Flexible Pharma: Puzzling Out the Plant of the Future
The need to improve agility and reduce financial risk is driving new approaches to plant design and operation, and the use of new technologies. Industry experts look at the future pharmaceutical plant from all angles.
By Agnes Shanley, Editor in Chief, with Paul Thomas, Senior Editor
Standardization is a double-edged sword, says Tunnell’s Rogers. It’s cheaper on the front end but if you get the wrong system you’re stuck with it. “I like the idea of modular contained equipment because validation and operation issues are worked out, but you can’t force fit such systems to do everything that you may need them to do,” he says.
This modularization also extends to data. Some advocate the use of modules or templates based on the S-88 concept of breaking any process or procedure down into recipes and developing templates for each part of the recipe that can be duplicated easily. For many, the goal is end-toend integration. “We want to take the recipe concept from late-stage development and move it very quickly,” says Genentech’s Petersen.
For Jacob’s Bader, this approach has made plant design much more efficient. “There’s a trend to modularize design aspects, almost taking an S-88 approach to the design of the valves and piping, so that you always fi lter off the tank in the same way, or you do the jacket recirculation system the same way for all tanks in your facility.” For different pieces of the puzzle, he says, “you modularize and use the pieces over and over again.” Bader recalls the design for Amgen’s landmark Enbrel plant in Rhode Island. “When we looked at doing just the process design for that facility, we had over 300 process and instrumentation diagrams (P&ID’s) and a lot of drawings.” There were nine production bioreactors and six smaller seed bioreactors, and another 18 smaller bioreactors, he says.
His team took a modular approach and created S-88 type modules around piping. They did the production bioreactor as one drawing and the rest of the bioreactors were built off that production bioreactor. “We did the most complex thing fi rst then took diff erent parts of that and put it on the seed and smaller bioreactors,” he explains.
As a result, Bader says, most front-end time was spent on 60 drawings and the rest of the 300 drawings were clones. “When you did the control and automation, you were taking these assemblies that were used on multiple drawings and just reproducing that code—all the valves were tagged the same way . . . so the vent valve off the vessel might be valve 10 and that valve 10 is the vent valve on every vessel on the job so you can reuse the code over again,” he says. Although it took more time to organize the project this way, Bader said it saved thousands of hours throughout the design process. In addition, the people operating the plant found it much easier because they always knew what, say, Valve 10 was.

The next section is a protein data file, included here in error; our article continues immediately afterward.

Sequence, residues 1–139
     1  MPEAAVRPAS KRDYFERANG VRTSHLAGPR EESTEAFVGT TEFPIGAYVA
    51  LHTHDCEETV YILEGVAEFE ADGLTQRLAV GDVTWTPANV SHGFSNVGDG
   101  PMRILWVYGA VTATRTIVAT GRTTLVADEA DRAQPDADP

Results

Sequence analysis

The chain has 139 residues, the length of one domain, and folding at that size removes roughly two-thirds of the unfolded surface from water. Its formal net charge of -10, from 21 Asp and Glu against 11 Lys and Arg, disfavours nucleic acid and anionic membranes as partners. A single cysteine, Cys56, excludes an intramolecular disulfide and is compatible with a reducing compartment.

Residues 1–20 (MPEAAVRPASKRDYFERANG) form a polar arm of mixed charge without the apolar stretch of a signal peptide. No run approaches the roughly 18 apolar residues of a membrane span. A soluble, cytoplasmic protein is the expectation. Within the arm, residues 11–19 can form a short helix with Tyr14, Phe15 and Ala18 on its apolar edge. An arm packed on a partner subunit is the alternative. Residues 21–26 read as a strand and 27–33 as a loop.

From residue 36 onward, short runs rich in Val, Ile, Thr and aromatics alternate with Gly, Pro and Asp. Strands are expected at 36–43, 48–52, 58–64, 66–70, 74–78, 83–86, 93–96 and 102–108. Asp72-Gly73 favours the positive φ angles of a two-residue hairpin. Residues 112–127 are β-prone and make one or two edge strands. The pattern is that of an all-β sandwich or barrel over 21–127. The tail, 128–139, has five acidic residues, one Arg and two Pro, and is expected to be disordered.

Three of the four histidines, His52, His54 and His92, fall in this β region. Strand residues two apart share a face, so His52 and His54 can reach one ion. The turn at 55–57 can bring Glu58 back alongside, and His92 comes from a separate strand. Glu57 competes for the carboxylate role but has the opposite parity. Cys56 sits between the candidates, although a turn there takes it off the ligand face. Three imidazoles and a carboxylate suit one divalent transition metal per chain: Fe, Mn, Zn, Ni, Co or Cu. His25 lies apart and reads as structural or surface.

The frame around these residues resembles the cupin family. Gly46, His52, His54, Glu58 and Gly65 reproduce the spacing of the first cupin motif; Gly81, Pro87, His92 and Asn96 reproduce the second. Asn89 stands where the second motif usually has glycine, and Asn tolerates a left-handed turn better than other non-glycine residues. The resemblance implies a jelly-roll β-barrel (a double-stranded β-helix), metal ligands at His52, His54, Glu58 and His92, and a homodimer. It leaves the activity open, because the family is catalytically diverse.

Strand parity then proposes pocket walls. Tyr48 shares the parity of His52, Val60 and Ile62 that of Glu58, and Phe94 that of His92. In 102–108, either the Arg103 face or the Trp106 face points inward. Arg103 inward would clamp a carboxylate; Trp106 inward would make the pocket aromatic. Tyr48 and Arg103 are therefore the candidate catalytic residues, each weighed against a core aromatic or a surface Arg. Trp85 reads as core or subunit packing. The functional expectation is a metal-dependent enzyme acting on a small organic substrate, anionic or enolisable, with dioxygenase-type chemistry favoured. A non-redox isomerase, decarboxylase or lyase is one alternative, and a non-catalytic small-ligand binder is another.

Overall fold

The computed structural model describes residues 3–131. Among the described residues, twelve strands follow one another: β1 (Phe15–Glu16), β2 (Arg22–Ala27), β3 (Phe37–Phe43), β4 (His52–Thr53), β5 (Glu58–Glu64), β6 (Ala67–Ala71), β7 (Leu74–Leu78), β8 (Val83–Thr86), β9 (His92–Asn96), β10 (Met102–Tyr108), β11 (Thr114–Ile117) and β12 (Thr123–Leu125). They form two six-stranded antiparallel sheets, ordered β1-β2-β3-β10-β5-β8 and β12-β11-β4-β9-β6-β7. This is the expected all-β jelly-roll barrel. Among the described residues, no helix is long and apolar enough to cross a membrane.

From Data to Information
The plants of tomorrow will also reflect an increased attention to individual user’s data needs, providing the type of information required in the form needed at the right time. Shaping the overall movement will be the shift from a parametric to an attribute approach to data, in which increased focus is given to critical process attributes, says Suroj Patnaik, life sciences industry leader at Emerson Process Management (Austin, Texas). “Fortunately, tools and approaches for collecting, integrating, and managing data from across the operation are emerging and will become more sophisticated in the next 10 years,” Patnaik predicts. “Managers and others will be able to quickly and easily access correlated data on everything from equipment availability to quality monitoring to lot comparisons and use the information to solve production issues—all in a matter of seconds.”
This easy access to integrated information will enable personnel to be more productive. “Imagine a worker on the plant fl oor being able to instantly correlate increasing vessel-fill times with rising pumpbearing temperatures, then identify the best time to schedule bearing replacement so customer deliveries are unaffected,” Patnaik says. “This type of insight has historically required offl ine analysis by experts from multiple domains—but not in the plant of the future.”
Key to this, Patnaik believes, will be human-centered design. In the past, operator displays were oft en based on P&ID’s, a form useful to the engineer. What plant operators are more concerned about is process flow, so the newer user interfaces are starting to refl ect this fact. Instead of deluging workers with data just because sensors and soft ware make it possible, there will be a return to the spirit of the old days when manually operated panel boards alerted operators about process conditions, says Bryan Jones, product marketing manager for Emerson’s DeltaV Human Centered Design program. Such boards had to be easily visible, so they followed ergonomic principles. “It’s back to the future,” he says. At the same time, the idea of “progressive disclosure” of information will allow operators to drill down to the level of detail they need. [For Patnaik's discussion of Human Centered Design and the future of pharma, click here.]
Leaner Plant Layouts
The impacts of Lean and Toyota Production System are starting to be seen, not only in plant operations but in layouts. Lean principles guide all of Pharmatech Associates’ facility design work, says company principal Bikash Chatterjee. However, on the whole, progress has been spotty, says Tunnell’s Rogers. “Some manufacturing processes such as tableting lend themselves more easily to Lean, but other facets don’t,” he says, recalling a sterile facility startup project. “Some features look Lean, but the paperwork issues and underlying control issues are so difficult that the facility can’t really work Lean. They struggle with inventory, moving product around and keeping track of it,” he says.